Round two started down at the lake where I met my sister. We headed over the swamp on the new bridge and up the path through the woods to the Parkside Diner where we sipped hot chocolate and announced early resolutions to make the new year a good one.

Light Of The World

Thursday, December 25th, 2014

Duane with Maureen's painting light

Having just come back from a walk to the lake I am happy to report that I am in the Christmas spirit. Perfect timing. The water level on Lake Eastman had just dropped about a foot. You could see the high water mark on the trees that are still standing in water along the shore. We’re guessing the high winds and rough water on Lake Ontario finally budged the plugged outlets. The beavers have taken down some pretty big trees and the trees have surely worked their way down Lake Eastman toward the big lake where there is a log jam. Nature has an impressive way of taking care of business.

The wind has apparently taken our Time Warner connection out so we are without internet, cable tv or a phone line. Glad I’m not a kid looking for a connection for my new Xbox on Christmas Day.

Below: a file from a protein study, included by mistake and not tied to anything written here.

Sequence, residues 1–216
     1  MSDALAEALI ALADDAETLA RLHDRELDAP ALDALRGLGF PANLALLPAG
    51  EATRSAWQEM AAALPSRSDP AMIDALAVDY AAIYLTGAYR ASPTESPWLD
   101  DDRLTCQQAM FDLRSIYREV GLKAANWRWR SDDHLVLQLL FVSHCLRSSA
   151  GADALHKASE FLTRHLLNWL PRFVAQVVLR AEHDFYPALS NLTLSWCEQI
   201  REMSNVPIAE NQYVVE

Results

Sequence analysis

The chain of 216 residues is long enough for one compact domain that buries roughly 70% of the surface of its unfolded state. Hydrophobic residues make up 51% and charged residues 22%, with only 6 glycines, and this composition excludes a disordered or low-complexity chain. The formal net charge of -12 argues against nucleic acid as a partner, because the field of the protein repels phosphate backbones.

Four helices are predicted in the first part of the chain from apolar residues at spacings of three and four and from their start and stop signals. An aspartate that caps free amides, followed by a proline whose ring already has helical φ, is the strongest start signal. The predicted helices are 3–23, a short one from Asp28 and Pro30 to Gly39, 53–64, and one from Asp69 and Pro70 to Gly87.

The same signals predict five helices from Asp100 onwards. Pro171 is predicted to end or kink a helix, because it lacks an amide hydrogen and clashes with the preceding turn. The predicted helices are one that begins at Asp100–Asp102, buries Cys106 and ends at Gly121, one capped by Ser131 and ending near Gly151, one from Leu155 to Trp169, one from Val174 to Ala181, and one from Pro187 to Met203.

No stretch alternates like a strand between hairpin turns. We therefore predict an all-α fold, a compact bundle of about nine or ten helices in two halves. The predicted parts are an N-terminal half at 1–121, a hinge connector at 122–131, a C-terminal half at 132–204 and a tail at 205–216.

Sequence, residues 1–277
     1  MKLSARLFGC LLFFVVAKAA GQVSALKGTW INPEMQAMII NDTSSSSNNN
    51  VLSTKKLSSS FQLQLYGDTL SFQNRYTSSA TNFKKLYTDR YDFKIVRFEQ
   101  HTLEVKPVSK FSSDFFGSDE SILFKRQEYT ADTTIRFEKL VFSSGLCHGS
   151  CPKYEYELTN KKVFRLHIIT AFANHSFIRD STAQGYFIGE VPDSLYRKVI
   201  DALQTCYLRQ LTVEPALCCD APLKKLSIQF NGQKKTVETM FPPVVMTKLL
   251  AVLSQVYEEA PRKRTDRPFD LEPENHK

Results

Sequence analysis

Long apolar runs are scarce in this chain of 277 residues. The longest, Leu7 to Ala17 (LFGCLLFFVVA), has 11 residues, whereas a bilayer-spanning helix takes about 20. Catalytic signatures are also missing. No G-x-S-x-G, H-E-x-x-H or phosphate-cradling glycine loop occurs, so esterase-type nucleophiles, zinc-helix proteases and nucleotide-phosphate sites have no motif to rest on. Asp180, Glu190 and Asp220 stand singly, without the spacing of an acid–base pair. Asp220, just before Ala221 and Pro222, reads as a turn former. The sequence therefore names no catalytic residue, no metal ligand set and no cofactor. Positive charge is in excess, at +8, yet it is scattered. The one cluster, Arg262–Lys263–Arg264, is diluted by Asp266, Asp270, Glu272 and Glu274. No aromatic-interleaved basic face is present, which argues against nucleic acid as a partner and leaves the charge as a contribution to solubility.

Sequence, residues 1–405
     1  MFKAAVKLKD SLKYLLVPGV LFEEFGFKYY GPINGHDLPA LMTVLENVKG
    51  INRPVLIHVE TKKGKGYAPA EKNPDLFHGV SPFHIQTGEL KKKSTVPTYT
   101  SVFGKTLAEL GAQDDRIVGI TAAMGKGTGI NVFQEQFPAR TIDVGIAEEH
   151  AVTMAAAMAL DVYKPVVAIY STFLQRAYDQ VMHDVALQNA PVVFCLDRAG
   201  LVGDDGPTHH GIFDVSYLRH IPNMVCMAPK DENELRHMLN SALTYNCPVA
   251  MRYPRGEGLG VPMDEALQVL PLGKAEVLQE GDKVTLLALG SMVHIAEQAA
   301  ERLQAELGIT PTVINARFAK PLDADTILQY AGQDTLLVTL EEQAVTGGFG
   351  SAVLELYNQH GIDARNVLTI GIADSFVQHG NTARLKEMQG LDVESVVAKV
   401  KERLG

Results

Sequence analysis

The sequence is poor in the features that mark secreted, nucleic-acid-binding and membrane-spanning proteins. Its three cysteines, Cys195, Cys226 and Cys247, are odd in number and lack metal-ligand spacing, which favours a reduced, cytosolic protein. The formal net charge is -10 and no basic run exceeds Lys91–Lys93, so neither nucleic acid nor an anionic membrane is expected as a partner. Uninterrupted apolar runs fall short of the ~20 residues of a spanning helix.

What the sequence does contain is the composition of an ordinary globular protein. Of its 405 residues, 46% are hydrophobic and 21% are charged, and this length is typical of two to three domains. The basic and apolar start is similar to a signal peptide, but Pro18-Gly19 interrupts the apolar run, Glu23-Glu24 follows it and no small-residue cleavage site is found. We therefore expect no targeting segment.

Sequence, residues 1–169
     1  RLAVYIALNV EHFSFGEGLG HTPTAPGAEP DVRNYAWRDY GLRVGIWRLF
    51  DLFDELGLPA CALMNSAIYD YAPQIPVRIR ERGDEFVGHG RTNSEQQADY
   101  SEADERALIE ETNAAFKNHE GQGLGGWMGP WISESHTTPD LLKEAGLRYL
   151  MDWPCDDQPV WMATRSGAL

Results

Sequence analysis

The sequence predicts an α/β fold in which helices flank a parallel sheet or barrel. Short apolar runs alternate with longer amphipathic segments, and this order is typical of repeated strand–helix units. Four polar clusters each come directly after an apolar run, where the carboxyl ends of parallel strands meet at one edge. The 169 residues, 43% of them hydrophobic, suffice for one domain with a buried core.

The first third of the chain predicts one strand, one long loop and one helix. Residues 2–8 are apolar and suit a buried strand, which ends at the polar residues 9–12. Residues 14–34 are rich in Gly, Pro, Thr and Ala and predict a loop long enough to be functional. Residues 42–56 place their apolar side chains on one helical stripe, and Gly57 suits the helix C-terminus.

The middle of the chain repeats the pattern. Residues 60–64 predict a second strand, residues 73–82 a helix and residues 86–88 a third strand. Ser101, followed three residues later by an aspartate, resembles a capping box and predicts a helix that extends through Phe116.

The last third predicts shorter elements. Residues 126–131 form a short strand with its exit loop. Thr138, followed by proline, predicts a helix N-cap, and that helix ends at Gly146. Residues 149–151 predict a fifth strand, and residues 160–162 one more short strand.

We had a lovely dinner last night with parts of my big family. We changed the menu at the last minute and ordered greens & beans and lasagna from Proietti’s in Webster, a giant tin of the stuff with extra jars of sauce and cheese to pour on top as we warmed it up. I made a green salad modeled after the ones we used to have with Peggi’s mom out at the Bistro in the Highlands, grapes split in half with a slightly sweet vinegrette and then garnished with toasted pecans. Peggi made applesauce and we had her Christmas cookies for desert. The conversation flowed like wine and I slept like a baby.

Duane usually joins us for Xmas Eve dinner but he is already back in New York and Maureen is trying to figure out the accurate color, painting lights that Duane gave her.

Listening To The Birds

Friday, December 19th, 2014

Small barn painting by Leo Dodd